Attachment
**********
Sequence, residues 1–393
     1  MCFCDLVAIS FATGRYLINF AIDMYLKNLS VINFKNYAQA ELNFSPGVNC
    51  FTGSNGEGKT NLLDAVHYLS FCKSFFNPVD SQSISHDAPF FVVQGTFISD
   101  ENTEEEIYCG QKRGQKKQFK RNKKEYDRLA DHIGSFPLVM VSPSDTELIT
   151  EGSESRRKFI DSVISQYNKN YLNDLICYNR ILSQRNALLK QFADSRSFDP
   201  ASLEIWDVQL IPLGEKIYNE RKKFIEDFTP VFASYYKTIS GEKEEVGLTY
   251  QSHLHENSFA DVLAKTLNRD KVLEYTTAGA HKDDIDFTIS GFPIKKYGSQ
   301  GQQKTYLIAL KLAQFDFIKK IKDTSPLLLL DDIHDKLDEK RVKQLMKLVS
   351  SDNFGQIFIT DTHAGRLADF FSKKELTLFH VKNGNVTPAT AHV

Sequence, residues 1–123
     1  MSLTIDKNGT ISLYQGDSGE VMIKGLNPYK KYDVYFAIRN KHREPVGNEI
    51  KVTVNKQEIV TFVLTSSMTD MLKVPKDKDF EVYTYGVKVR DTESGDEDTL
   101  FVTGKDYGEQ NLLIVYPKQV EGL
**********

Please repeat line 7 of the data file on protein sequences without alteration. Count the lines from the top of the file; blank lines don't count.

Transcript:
   251  QSHLHENSFA DVLAKTLNRD KVLEYTTAGA HKDDIDFTIS GFPIKKYGSQ